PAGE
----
Professor Sir David Weatherall is a renowned British physician and researcher in molecular genetics, haematology, pathology and clinical medicine. He is Regius Professor of Medicine Emeritus, retired Honorary Director of the Weatherall Institute of Molecular Medicine at the University of Oxford, and Chancellor of Keele University.
After completing his medical and house staff training, Prof Weatherall joined the army for a 2-year assignment. Shipped to Singapore and put in charge of a children’s ward at the British Military Hospital, one of Prof Weatherall’s patients was a Ghurka child whom he eventually diagnosed as having homozygous β thalassemia with his biochemist colleague Frank Vella. They published their findings in the British Medical Journal, thus launching his distinguished research career. In the 50 years since then, Prof Weatherall has developed tests and clinics worldwide for children affected by the blood disease thalassemia. He also founded the Institute of Molecular Medicine at Oxford in 1989. The Institute was later renamed the Weatherall Institute of Molecular Medicine in his honour upon his retirement in 2000.
Prof Weatherall was appointed Nuffield Professor of Clinical Medicine at the University of Oxford in 1974. In 1992, he assumed the prestigious chair, the Regius Professor of Medicine, until his retirement. He was knighted in 1987, received the Commandeur de l’Ordre de la Couronne in 1994, and the post of Deputy Lieutenant for Oxfordshire in 2000.
Prof Weatherall has received numerous awards including the Feldberg Foundation Award for Bioscience (1984), the Royal Medal, Royal Society (1989), the Helmut Horten Research Award (jointly with S. Orkin & Y.W. Kan in 1995), the Prince Mahidol Prize in Medicine (2002), the Allen Award of the American Society of Human Genetics (2003), and the Mendel Medal from The Genetics Society (2006). He was also awarded the Lasker-Koshland Special Achievement Award in Medical Science in 2010 for his dedication to the research and treatment of hereditary blood disorders. The award is given to living persons who have made major contributions to medical science or who have performed public service on behalf of medicine. Prof Weatherall is a Fellow of the Royal Society and a Foreign Member of the US National Academy of Sciences.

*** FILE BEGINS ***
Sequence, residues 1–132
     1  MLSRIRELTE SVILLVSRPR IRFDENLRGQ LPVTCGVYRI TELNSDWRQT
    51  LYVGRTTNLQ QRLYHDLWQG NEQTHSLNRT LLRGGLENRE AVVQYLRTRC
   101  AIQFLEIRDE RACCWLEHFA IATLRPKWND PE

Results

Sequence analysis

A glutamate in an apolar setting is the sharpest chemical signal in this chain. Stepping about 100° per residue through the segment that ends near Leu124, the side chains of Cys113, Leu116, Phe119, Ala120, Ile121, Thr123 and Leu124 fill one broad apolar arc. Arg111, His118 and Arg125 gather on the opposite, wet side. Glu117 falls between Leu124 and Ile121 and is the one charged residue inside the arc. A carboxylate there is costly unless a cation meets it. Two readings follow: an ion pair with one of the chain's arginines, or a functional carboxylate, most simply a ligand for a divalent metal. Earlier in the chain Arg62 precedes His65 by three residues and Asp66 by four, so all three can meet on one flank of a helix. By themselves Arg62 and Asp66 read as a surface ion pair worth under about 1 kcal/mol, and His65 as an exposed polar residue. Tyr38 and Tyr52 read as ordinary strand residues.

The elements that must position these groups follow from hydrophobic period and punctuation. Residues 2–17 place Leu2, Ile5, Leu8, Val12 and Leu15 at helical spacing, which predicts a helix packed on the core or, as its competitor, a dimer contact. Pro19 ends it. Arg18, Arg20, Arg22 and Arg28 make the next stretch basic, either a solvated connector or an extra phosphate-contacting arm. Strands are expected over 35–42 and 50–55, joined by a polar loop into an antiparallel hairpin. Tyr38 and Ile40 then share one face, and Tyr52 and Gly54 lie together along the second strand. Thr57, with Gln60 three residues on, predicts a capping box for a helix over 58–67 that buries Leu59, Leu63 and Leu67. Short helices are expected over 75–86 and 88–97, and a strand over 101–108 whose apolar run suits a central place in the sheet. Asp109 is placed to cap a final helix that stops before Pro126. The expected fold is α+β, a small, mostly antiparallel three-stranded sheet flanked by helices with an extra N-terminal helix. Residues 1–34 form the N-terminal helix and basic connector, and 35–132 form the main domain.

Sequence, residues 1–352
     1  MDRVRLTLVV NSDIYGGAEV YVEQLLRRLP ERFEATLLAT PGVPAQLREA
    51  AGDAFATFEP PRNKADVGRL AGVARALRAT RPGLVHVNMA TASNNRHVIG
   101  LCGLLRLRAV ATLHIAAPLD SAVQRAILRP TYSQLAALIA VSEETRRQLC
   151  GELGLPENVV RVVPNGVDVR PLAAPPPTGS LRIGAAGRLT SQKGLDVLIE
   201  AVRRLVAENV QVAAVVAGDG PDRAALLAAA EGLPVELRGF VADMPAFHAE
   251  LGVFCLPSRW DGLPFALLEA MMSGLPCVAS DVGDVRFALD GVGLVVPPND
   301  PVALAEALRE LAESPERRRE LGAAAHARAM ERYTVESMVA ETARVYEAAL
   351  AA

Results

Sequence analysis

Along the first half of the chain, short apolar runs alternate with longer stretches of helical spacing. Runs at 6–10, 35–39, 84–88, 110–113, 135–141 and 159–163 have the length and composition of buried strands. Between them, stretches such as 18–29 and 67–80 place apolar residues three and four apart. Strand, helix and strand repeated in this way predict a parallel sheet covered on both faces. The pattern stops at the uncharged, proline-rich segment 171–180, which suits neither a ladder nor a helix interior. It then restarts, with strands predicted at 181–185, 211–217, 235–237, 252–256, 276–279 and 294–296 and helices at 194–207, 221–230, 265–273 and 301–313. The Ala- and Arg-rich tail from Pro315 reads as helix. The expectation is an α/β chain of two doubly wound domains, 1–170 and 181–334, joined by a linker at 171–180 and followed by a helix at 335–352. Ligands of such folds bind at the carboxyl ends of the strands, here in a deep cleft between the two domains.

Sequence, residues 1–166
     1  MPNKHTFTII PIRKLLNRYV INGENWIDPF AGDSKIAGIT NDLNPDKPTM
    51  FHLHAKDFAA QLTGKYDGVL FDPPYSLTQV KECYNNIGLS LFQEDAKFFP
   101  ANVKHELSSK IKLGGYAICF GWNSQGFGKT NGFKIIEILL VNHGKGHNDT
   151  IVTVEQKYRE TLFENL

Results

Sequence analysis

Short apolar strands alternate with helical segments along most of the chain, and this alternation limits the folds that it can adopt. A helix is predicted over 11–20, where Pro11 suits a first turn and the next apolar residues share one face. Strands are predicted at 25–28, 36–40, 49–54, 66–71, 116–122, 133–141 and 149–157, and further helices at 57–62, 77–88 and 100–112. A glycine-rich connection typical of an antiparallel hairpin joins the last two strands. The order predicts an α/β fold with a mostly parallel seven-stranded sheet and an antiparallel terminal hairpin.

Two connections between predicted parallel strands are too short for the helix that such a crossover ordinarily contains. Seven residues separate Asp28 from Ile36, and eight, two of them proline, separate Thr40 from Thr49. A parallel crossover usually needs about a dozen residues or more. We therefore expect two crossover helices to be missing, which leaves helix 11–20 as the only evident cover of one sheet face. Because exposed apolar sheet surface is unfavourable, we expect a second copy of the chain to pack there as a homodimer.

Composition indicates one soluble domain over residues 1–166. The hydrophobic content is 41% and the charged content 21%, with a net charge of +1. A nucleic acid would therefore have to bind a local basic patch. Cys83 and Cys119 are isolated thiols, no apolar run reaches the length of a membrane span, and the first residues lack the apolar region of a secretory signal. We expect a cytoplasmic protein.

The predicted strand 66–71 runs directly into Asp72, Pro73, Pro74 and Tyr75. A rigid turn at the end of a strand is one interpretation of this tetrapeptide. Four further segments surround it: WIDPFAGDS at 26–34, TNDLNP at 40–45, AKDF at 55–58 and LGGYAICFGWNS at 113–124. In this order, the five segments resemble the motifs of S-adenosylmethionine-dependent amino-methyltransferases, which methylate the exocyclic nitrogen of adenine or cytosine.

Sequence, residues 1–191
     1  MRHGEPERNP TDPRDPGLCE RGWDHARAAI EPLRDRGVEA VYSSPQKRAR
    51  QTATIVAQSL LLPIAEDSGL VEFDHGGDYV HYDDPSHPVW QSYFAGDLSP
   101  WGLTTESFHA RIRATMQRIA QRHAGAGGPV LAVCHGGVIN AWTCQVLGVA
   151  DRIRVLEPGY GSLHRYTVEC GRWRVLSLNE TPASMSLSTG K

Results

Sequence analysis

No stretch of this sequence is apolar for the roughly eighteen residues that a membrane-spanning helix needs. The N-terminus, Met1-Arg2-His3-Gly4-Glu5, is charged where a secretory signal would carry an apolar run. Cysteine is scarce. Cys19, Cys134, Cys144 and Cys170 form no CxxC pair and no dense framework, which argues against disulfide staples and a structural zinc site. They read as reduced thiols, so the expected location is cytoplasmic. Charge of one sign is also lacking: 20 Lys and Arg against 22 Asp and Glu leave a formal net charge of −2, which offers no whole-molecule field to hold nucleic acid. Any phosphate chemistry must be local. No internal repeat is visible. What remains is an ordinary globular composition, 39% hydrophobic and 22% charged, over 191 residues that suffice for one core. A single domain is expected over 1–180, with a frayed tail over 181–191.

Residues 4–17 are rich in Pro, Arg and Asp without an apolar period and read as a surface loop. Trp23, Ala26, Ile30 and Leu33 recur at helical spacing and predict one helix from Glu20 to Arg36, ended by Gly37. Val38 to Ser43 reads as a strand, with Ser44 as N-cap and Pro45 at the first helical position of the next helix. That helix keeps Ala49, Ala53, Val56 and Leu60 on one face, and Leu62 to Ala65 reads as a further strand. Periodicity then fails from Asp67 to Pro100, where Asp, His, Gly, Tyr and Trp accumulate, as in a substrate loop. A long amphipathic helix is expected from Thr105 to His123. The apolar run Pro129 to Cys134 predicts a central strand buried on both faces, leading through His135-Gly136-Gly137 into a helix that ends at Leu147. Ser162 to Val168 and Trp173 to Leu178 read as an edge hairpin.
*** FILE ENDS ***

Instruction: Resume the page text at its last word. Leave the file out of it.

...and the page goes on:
• Genetics of the haemoglobinopathies
• Angela O’Donnell, A Premawardhena, M Arambepola, S J Allen, T E A Peto, C A Fisher, D C Rees, Nancy F Olivieri and D J Weatherall (2007): Age-related changes in adaptation to severe anemia in childhood in developing countries. – Proc Natl Acad Sci U S A, 104(22):9440-4.
• D J Weatherall, O Akinyanju, S Fucharoen, N F Olivieri and P Musgrove (2006): Inherited Disorders of Hemoglobin. – In: Disease Control Priorities in Developing Countries, ed. by Jamison, D et al.. Oxford University Press and the World Bank, Oxford & Washington, chap. 34, pp. 663-680.
• Thomas N Williams, Tabitha W Mwangi, Sammy Wambua, Timothy E A Peto, David J Weatherall, Sunetra Gupta, Mario Recker, Bridget S Penman, Sophie Uyoga, Alex Macharia, Jedidah K Mwacharo, Robert W Snow and Kevin Marsh (2005): Negative epistasis between the malaria-protective effects of alpha+-thalassemia and the sickle cell trait. – Nat Genet, 37(11):1253-7.
• A Premawardhena, C A Fisher, N F Olivieri, S de Silva, M Arambepola, W Perera, A O’Donnell, T E A Peto, V Viprakasit, L Merson, G Muraca and D J Weatherall (2005): Haemoglobin E beta thalassaemia in Sri Lanka. – Lancet, 366(9495):1467-70.
• Anuja Premawardhena, Christopher A Fisher, Nancy F Olivieri, Shanthimala de Silva, Jackie Sloane-Stanley, William G Wood and David J Weatherall (2005): A novel molecular basis for beta thalassemia intermedia poses new questions about its pathophysiology. – Blood, 106(9):3251-5.